Avalanche Studios was founded by Linus Blomberg and Christofer Sundberg in 2003. Prior to the establishment of the studio, Sundberg had worked in video game publishing as well as FIFA Soccer for Electronic Arts. Both of them joined Paradox Interactive, a video game publisher that had published games such as Europa Universalis. Eventually, Sundberg and Blomberg left and founded their own company called Rock Solid Studios during the second quarter of 2001. The company partnered with Conspiracy Entertainment to develop a video game adaptation of Tremors, a movie series from Universal Pictures. Titled Tremors: The Game, it was set to be released for personal computers, PlayStation 2, Xbox and Nintendo GameCube in 2003. During that period, another Stockholm-based video game development studio, Starbreeze Studios, announced that they would acquire Rock Solid. The agreement between the two companies was ultimately broken by Starbreeze, and the acquisition was stopped. In addition, Universal decided to cancel Tremors: The Game, which led Rock Solid to declare bankruptcy. With the failure and collapse of Rock Solid, Sundberg and Blomberg became unemployed and in debt. They eventually decided to start over in 2003, establishing Avalanche Studios with six other employees. Reflecting on the founding in 2015, Sundberg stated that the studio was born in "pure chaos", and attributed their failure with Rock Solid to trusting "the wrong people".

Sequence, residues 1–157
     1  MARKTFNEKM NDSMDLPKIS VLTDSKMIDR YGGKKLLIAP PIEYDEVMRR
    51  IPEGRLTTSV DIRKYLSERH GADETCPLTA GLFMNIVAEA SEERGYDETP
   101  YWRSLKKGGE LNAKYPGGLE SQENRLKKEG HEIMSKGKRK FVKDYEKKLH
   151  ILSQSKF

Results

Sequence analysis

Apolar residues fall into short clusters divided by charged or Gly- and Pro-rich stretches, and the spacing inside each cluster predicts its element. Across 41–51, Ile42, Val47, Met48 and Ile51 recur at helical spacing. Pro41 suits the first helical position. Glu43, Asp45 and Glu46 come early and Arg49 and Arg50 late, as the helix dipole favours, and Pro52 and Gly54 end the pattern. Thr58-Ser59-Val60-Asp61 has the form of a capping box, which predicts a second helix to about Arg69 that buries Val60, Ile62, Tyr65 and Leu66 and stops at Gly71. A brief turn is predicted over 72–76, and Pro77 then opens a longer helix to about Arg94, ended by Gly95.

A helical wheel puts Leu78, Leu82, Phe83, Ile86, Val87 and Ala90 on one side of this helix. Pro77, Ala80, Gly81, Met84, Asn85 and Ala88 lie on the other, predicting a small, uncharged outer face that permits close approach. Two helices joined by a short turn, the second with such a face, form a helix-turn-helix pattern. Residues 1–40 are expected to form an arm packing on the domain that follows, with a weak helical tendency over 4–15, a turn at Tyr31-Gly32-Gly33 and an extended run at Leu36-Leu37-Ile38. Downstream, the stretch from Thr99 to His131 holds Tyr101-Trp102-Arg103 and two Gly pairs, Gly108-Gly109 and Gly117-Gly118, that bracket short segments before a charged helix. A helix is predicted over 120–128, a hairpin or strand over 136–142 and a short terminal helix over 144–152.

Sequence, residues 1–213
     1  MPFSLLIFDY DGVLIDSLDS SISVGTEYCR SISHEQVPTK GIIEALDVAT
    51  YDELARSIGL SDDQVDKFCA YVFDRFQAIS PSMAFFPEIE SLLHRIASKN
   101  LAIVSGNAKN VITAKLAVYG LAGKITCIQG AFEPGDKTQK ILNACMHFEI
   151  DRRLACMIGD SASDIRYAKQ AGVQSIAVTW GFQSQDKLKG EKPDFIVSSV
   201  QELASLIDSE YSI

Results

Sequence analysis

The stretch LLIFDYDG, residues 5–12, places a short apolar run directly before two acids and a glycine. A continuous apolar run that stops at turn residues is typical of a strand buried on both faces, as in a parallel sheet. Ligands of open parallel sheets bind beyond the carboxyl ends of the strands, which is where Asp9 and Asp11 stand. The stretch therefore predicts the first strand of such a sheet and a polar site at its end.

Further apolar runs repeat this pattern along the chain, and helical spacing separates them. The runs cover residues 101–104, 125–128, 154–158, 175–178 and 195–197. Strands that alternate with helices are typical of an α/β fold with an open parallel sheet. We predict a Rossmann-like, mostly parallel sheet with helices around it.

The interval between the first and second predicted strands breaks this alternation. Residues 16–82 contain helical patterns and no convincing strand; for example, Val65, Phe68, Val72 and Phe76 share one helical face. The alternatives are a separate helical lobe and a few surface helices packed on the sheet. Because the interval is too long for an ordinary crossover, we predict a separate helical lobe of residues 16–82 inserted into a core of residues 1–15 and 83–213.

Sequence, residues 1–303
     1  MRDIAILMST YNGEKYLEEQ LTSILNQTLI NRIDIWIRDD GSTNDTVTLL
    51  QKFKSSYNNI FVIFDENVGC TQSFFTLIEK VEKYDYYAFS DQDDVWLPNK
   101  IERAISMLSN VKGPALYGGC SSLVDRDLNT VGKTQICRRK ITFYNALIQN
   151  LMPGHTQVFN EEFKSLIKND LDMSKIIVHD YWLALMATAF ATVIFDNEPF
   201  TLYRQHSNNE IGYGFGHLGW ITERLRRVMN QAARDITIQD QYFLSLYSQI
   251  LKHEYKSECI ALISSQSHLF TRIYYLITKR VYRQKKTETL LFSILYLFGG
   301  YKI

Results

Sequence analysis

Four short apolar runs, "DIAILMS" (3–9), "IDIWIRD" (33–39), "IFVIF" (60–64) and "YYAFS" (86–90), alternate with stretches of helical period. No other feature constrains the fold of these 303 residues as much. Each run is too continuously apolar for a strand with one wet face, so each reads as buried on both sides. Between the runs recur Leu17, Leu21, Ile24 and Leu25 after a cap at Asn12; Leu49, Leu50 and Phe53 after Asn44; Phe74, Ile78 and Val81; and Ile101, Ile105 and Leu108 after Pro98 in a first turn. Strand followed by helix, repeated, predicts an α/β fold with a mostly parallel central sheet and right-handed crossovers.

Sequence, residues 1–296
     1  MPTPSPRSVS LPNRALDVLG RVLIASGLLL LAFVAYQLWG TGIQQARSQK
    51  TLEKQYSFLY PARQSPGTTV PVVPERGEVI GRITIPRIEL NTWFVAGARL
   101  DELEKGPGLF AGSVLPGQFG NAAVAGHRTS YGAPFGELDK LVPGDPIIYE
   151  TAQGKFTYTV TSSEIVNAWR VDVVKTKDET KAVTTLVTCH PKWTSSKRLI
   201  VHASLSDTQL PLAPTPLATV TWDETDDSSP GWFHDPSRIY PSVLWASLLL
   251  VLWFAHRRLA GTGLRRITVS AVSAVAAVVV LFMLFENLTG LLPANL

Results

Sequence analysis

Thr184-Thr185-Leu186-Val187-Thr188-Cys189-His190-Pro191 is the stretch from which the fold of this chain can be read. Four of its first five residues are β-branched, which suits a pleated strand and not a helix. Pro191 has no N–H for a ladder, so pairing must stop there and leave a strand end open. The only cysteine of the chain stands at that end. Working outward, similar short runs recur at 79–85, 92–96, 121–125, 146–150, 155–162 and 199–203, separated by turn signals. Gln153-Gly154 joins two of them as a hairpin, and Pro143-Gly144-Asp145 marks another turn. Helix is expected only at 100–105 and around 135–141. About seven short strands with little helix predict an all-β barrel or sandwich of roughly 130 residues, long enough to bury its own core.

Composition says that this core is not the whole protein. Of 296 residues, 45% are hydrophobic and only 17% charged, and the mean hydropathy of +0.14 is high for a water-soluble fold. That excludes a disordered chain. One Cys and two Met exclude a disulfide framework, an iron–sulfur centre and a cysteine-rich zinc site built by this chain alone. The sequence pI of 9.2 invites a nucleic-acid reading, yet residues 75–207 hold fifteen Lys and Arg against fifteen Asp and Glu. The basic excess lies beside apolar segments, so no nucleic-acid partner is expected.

When naming the company, Sundberg, Blomberg and the other employees brought up a list of military code words used during World War II. They ultimately decided upon "Avalanche" as the company's name. The company worked on a prototype project called Rico: Terror in the Tropics in 2003. The project, designed by Sundberg himself, would eventually become Avalanche's first title, Just Cause. He pitched the game's concept to publisher Eidos Interactive, which was accepted. According to Sundberg, he wanted to develop a game "where you could skydive onto the roof of a car and keep on going". The game was released in 2006 for Microsoft Windows, PlayStation 2 and Xbox 360. Sundberg considered Just Cause to be the 'DNA' and 'center point of the studio', since it was the first game they developed.